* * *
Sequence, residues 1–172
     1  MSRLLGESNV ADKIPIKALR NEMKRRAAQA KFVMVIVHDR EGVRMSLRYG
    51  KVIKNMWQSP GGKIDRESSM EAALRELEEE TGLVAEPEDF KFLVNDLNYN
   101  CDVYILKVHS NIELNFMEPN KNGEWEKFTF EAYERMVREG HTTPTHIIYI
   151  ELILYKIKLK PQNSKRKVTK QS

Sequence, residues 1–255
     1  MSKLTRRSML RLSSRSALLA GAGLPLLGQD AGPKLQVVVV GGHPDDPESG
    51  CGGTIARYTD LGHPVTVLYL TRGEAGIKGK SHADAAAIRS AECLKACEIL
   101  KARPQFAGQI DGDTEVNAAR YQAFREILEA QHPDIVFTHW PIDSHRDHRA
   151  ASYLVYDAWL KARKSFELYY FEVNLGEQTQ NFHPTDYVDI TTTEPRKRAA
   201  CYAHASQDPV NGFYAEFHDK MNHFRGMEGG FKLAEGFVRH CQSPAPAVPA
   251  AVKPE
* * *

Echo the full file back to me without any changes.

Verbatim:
Sequence, residues 1–172
     1  MSRLLGESNV ADKIPIKALR NEMKRRAAQA KFVMVIVHDR EGVRMSLRYG
    51  KVIKNMWQSP GGKIDRESSM EAALRELEEE TGLVAEPEDF KFLVNDLNYN
   101  CDVYILKVHS NIELNFMEPN KNGEWEKFTF EAYERMVREG HTTPTHIIYI
   151  ELILYKIKLK PQNSKRKVTK QS

Sequence, residues 1–255
     1  MSKLTRRSML RLSSRSALLA GAGLPLLGQD AGPKLQVVVV GGHPDDPESG
    51  CGGTIARYTD LGHPVTVLYL TRGEAGIKGK SHADAAAIRS AECLKACEIL
   101  KARPQFAGQI DGDTEVNAAR YQAFREILEA QHPDIVFTHW PIDSHRDHRA
   151  ASYLVYDAWL KARKSFELYY FEVNLGEQTQ NFHPTDYVDI TTTEPRKRAA
   201  CYAHASQDPV NGFYAEFHDK MNHFRGMEGG FKLAEGFVRH CQSPAPAVPA
   251  AVKPE